Born Dana Elaine Owens in Newark, N.J. on March 18, 1970, Queen Latifah is an award-winning actress, rapper, singer, author and entrepreneur. She landed an Oscar nomination in 2003 for Best Supporting Actress, as well as Golden Globe and Screen Actors Guild (SAG) Award nominations for her performance as Mama Morton in “Chicago.”

In 2008, Latifah received rave reviews and won a Golden Globe, SAG and an NAACP Image Award for her powerful portrayal of a mother who overcomes an addiction to crack and becomes a positive role model and AIDS activist in the black community in HBO’s “Life Support.” In addition to her film and television accolades, she earned a Grammy Award for Best Solo Rap Performance in 1994, and was nominated for Best Female Rap Solo Performance for “Go Head” in 2004.

Latifah made her screen debut in Spike Lee’s 1991 film “Jungle Fever,” and her other film credits include “The Bone Collector,” “The Last Holiday,” “The Secret Life of Bees” and “Just Wright.” Here, she talks about her latest movie, “Joyful Noise,” a musical comedy co-starring Dolly Parton.

KW: What interested you in Joyful Noise?
QL: I felt that its timely, uplifting story was perfect for me given what’s going on in the world right now. And I already loved the studio, Alcon Entertainment. They’ve made a lot of nice movies in the past , and they really do a great job of marketing their films. And I liked the idea of working with Dolly Parton and Keke .

KW: Larry Greenberg asks: What was it like working with Todd Graff? It seems like he knows a lot about both music and comedy. ?
QL: He really does. It was great working with him because he’s very thorough. I believe he had an excellent grasp of every aspect of the film from the music to the staging. He knew exactly how he wanted it presented, which made the process a lot easier. And he likes to rehearse, which I do, too. So often, you don’t get that opportunity. You only go over everything once and, the next thing you know, you’re on set. Todd had a vision of what he wanted to do and, because he also wrote the screenplay, it was easy for him to make observations, take notes and tweak the script whenever necessary. It was perfect!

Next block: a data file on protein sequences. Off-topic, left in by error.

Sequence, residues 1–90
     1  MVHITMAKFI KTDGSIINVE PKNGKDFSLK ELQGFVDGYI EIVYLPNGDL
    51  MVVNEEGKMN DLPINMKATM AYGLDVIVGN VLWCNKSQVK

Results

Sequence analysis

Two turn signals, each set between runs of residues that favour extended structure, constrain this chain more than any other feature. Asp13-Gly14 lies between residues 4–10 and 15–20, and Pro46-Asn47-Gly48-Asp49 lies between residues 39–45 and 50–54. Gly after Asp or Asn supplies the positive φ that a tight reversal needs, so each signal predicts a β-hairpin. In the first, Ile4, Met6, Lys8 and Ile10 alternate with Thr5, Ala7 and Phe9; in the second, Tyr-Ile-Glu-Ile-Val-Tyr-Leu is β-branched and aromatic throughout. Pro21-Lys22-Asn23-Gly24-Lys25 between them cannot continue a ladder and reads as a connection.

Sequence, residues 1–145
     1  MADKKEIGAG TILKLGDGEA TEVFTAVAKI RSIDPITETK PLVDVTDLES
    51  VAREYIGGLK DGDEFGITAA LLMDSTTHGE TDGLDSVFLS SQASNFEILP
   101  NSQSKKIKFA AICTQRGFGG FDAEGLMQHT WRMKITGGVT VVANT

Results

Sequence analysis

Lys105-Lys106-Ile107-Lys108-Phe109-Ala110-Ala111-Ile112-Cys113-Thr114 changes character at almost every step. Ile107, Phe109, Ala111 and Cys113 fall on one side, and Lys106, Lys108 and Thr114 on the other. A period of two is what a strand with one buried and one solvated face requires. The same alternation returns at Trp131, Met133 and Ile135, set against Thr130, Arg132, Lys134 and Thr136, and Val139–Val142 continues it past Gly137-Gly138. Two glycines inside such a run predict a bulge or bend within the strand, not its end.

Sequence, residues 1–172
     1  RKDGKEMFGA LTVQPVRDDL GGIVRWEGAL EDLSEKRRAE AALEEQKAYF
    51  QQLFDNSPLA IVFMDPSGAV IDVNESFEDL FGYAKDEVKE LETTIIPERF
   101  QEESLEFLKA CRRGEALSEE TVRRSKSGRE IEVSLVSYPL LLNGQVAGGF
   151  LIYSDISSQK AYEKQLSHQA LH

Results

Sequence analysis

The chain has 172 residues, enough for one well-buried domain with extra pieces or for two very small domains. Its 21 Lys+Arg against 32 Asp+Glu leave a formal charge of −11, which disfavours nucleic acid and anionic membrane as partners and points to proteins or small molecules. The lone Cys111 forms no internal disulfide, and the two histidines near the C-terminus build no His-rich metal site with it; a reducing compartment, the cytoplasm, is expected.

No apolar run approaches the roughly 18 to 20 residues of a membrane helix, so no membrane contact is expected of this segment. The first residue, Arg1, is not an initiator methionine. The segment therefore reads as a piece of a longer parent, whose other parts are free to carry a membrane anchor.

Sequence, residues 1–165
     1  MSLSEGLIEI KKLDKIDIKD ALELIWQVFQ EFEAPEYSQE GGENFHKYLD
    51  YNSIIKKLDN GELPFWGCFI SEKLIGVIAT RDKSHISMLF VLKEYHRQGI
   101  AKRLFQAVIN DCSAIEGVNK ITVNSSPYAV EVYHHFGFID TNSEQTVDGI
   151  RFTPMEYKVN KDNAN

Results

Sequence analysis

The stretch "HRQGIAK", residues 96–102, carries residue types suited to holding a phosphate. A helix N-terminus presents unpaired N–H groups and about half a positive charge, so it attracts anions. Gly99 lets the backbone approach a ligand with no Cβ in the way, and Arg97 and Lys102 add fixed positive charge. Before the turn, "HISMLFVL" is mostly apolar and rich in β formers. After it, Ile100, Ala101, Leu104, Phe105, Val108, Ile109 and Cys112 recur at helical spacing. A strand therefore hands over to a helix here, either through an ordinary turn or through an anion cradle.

KW: Editor/Legist Patricia Turnier asks: What message do you think people will take away from Joyful Noise?
QL: I would say that overall, the movie offers an inspirational message of hope, love, camaraderie, joy and overcoming challenges in difficult times. All that good stuff!

KW: Patricia also asks: What advice do you have for females interested in founding a record company or breaking the glass ceiling in the music business?
QL: Try to network with others, and don’t take no for an answer. It will be a challenge. You just have to connect with people who believe in your vision and who will work with you and advance your cause. And don’t give up!

KW: What is your favorite dish to cook?
QL: Scrambled eggs.

KW: When you look in the mirror, what do you see?
QL: I see this 5’10” black lady. She’s sexy! Who is that girl? Me? Oh, snap!

KW: The Ling-Ju Yen question: What is your earliest childhood memory?
QL: Being smacked on my ass in this bright room when I was maybe 4 or 5 minutes old. I remember wondering, “What is going on here?” It was not cool.

KW: Thanks again for the time, Queen, and best of luck with Joyful Noise.
QL: Thank you, Kam.

To see the trailer for Joyful Noise, visit:


Kam Williams

Special to the AFRO